The Generous Pour Is a Great Way to Learn About Wine

generous2by Andrew Chalk

If you have an interest in wine and asked yourself “What do the main grape types taste like?” I have a recommendation for you. Slip down to The Capital Grille in Dallas, Fort Worth or Plano and take part in The Generous Pour. It is essentially a matching flight of wines to go with the food you choose from the menu. However, it is cleverly chosen to be both informative and unpretentious to newcomers to wine. There are seven wines in total, divided into a flight of three whites and one of four reds. You start with the whites. Your waiter or waitress gives you a good-sized taste of each wine. If you want more of one that you especially like they are easygoing about that.       

The clever thing from the standpoint of wine beginners is how the wines are chosen. Compare the full names here with the my short names for them:

Full names:

Wine 1: 2012 La Crema Pinot Gris, Monterey, California.

Wine 2: 2011 Martanzas Creek Sauvignon Blanc, Sonoma County, California.

Wine 3: 2011 Freemark Abbey Chardonnay, Napa Valley, California

Short names:

Wine 1: California Pinot Gris

Wine 2: California Sauvignon Blanc

Wine 3: California Chardonnay, Napa Valley

generousIn other words, want to know how a California Sauvignon Blanc tastes? Memorize the taste of wine 2 (91/100 points by Tasting Panel). Want to know what a California Chardonnay tastes like? Memorize the taste of wine 3 (90/100 points in Wine Enthusiast). Sip one, then the other, to register the difference between the two. These wines (and the reds, as we shall see) have been chosen as examples of California grape varieties as they are typically vinified.

Can’t place the components in the nose of wine 1, ask the sommelier. At the Dallas location, sommelier Nathan Crumpton has loads of experience and he loves helping customers with wine. He has been with Capital Grille for two years and spent ten years before that at Pappas Bros. Steakhouse. He also takes care of the wines on his list. All the glasses that we tried were served at exactly the right temperature and showed no signs of having been open too long.

We moved on to the reds and found that the same hymn sheet applied.

Full names

Wine 1: 2011 Hartford Court Pinot Noir, Russian River Valley, Sonoma County, California

Wine 2: 2007 Arrowood Syrah, Saralee’s Vineyard, Russian River Valley, California

Wine 3: 2009 Atalon Cabernet Sauvignon, Napa Valley, California

Wine 4: 2006 Kendall jackson Highland Estate Merlot, Taylor Peak, Bennett Valley, Sonoma County, California

Short Names

Wine 1: Russian River Valley Pinot Noir

Wine 2: California Syrah

Wine 3: Napa Valley Cabernet Sauvignon

Wine 4: The most intriguing wine of the night. This is, in no sense, a Sideways Merlot

Memorize the flavor footprint of wine 1. Russian River Pinot Noir is becoming a reference type for the grape. I have tasted a lot of them and keep coming away impressed.  With wine 2 (92/100 points, Robert Parker, The Wine Advocate), notice the smell of bacon in the nose. It is common with California Syrah. Memorize it from this one. Wine 3 (90/100 points, Robert Parker, The Wine Advocate) is the most typical of its type and a bottled lesson in how to recognize Napa Cabernet. Interesting, since it is only “Vinted and Bottled” by Atalon (meaning Atalon did not “Produce and Bottle” it). Their broken web site doesn’t reveal the answer. Judged solely on its merits, it is a solid Napa Cabernet so remember its flavor profile and expect to find that profile in most Napa Cabernets. Wine four is a case Capital Grille national wine director George Miliotes having fun. This is a prodigious Merlot, slipped into a lineup of aspirationals after getting a Lance Armstrong style blood transfusion (90 points, Robert Parker, The Wine Advocate).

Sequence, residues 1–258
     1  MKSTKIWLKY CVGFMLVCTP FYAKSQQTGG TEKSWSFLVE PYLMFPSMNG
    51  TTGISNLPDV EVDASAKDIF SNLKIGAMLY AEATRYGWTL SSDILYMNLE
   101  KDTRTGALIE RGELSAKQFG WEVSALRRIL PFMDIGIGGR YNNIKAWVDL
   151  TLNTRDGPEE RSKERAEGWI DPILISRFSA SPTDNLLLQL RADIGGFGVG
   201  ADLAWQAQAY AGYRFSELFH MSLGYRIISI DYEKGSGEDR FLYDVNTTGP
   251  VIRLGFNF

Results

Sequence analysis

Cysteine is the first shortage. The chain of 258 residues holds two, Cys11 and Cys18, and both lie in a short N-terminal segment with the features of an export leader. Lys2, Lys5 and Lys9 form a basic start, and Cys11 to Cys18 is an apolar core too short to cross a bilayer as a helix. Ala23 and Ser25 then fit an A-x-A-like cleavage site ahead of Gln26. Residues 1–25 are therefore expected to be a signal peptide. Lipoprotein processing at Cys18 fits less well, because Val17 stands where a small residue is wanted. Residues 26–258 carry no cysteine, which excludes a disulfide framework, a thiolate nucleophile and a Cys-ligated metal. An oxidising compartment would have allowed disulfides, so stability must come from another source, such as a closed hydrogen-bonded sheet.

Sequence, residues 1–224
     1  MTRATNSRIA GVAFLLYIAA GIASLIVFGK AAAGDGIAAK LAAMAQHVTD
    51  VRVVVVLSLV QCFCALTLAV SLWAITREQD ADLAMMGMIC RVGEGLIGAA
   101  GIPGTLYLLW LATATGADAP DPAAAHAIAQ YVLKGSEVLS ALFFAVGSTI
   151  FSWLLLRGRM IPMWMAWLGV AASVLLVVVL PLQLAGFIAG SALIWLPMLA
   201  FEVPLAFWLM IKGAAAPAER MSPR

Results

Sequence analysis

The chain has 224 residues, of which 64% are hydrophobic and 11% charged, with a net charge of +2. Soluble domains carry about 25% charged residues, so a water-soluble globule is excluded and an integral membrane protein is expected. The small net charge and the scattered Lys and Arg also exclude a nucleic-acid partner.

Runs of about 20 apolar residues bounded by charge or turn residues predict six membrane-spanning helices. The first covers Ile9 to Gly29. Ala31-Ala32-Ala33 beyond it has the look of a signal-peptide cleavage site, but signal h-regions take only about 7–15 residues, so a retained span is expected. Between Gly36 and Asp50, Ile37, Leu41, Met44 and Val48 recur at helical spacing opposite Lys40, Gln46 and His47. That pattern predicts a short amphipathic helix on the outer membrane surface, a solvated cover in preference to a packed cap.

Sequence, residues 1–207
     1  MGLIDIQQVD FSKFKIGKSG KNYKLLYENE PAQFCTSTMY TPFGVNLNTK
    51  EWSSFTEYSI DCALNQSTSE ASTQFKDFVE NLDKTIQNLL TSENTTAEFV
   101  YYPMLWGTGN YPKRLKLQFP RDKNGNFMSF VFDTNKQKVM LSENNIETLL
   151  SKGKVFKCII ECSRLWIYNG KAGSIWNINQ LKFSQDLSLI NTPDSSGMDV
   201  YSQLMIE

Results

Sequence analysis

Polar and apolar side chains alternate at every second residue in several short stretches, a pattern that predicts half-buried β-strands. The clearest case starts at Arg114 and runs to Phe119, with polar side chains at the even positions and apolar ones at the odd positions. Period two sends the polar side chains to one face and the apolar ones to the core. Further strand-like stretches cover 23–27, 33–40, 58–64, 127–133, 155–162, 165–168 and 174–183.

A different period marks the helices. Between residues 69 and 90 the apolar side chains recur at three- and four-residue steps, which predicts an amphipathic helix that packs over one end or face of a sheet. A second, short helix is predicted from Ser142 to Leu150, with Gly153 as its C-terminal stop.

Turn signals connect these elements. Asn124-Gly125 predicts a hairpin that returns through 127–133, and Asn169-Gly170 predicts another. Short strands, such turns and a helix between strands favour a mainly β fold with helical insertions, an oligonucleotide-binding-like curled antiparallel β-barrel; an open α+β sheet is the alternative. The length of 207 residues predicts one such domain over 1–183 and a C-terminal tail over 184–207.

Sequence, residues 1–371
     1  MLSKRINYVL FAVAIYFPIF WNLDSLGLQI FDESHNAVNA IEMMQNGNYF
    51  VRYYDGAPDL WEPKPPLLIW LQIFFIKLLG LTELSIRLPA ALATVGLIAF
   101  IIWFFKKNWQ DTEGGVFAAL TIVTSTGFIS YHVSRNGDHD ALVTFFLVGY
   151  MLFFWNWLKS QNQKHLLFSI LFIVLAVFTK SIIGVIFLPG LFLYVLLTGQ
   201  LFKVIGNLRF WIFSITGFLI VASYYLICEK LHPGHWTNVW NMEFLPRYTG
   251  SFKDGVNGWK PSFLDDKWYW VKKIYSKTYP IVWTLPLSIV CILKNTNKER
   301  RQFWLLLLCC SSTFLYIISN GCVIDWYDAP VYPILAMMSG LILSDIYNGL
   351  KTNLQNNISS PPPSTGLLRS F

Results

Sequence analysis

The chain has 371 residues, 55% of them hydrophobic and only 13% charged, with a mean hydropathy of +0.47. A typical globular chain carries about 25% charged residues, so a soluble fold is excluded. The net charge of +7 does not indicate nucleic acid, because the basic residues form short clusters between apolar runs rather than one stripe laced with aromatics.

How do you taste these? I recommend choosing a fish or seafood course off the Capital Grille menu for the first flight. We had the daily special lobster bisque (superb) and the fried calamari. Try each one with the food and choose a combination where 1+1=3, so to speak. Which combination works best is largely a matter of your own taste.

For the reds there are lots of strong meat choices. Try the lamb chops with the Syrah. The filet or Delmonico steaks with the Cabernet or Merlot. The Pinot Noir can go with the lamb or some of the fish dishes (sea bass for example). I had it with lobster thermidor, but this classic was a daily special.

The Generous Pour runs through September first and costs a very reasonable $25 with dinner. So, you get a great meal and a fun wine class all wrapped into one. I just wish all colleges were like this.

1 Comment

Filed under Andrew Chalk, Wine

One response to “The Generous Pour Is a Great Way to Learn About Wine

  1. Katherine

    Perhaps we need to do this as a lunch after pay day 😉

    Katherine Pierce 214-325-0321 cell

    Sent from my iPhone so please excuse the brevity and any spelling or grammar typos

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